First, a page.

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Hearing Week highlights issues
March 2017

Being hard of hearing is now accepted as a disability in New Zealand.

Hearing Week is off to a great start with The National Foundation for the Deaf joining The Access Alliance steering group with members Auckland Disability Law, Blind Foundation, CCS Disability Action, Deaf Aotearoa, Disabled Person's Assembly, Parents of Vision Impaired New Zealanders, Inclusive New Zealand and KÄpÅ MÄori Aotearoa to call for the introduction of the Accessibility for New Zealanders Act.

The Access Alliance is a group consisting of disabled people's organisations, disability service providers, community organisations and disability advocates; working together to remove the barriers disabled New Zealanders face and building a New Zealand that is accessible to everyone.

Dr Louise Carroll, Chief Executive of the National Foundation for the Deaf, comments, "this is the largest gathering of people with disabilities in such an alliance in the history of New Zealand."

The Listen Hear! New Zealand Deloittes Access Economics research report, released by the Foundation two weeks ago reports that at least 880,350 people are living with hearing loss nationally.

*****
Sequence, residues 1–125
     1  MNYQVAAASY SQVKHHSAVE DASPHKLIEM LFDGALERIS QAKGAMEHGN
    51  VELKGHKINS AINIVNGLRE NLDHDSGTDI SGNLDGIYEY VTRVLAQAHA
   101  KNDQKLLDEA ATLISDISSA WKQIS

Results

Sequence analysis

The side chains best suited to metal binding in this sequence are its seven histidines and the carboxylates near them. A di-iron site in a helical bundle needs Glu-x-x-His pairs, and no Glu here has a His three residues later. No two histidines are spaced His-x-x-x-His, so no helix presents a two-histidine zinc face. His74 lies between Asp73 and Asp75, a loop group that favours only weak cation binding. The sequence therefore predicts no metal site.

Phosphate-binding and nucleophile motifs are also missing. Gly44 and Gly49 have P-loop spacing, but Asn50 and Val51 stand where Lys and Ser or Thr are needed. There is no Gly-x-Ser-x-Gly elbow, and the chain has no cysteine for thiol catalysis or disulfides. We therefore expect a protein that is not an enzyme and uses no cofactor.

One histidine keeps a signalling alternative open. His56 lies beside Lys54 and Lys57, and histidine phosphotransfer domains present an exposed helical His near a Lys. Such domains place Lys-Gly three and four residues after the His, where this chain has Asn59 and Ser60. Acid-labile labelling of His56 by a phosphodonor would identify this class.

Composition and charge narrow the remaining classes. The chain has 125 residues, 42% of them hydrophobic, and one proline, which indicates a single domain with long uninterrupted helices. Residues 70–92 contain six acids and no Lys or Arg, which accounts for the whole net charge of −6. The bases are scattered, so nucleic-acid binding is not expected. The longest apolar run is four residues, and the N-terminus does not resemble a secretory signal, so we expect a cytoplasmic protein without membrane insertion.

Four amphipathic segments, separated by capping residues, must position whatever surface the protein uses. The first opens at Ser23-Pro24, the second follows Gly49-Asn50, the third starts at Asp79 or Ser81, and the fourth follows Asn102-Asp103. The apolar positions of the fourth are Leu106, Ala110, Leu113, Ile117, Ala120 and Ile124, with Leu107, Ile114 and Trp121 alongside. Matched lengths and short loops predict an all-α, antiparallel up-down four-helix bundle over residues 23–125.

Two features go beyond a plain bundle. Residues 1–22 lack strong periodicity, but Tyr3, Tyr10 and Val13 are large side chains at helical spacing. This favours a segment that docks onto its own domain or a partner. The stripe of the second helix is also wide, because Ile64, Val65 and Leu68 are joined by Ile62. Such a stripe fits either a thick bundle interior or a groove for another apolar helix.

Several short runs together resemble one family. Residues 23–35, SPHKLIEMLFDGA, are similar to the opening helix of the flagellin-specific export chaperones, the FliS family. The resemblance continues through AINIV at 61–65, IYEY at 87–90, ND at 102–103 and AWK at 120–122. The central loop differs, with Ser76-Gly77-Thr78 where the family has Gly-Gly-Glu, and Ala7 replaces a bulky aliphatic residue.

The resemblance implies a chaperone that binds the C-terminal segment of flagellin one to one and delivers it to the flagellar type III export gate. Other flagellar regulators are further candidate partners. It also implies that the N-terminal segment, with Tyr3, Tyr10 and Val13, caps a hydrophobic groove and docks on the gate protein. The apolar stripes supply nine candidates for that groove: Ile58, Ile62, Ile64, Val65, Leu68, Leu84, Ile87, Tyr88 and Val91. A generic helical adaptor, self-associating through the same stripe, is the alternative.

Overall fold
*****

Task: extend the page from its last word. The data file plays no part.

The proposed legislation would enforce mandatory minimum accessibility standards that ensure organisations provide services and facilities that are fully inclusive and accessible, opening the door to disabled New Zealanders, thereby ensuring they have the same opportunities and choices.

The Alliance proposed new legislation to mandate minimum accessibility standards that ensure organisations provide services and facilities that are fully inclusive and accessible to all New Zealanders.

The National Foundation for the Deaf will continue to support the need for improved accessibility through making sure captions are displayed on TV's / Audio Visual displays in workplaces and all video content produced by the workplace and used internally and externally is captioned. In addition, hearing technology such as hearing aids and cochlear implants in required by many who are hard of hearing to ensure access to education and employment.

 
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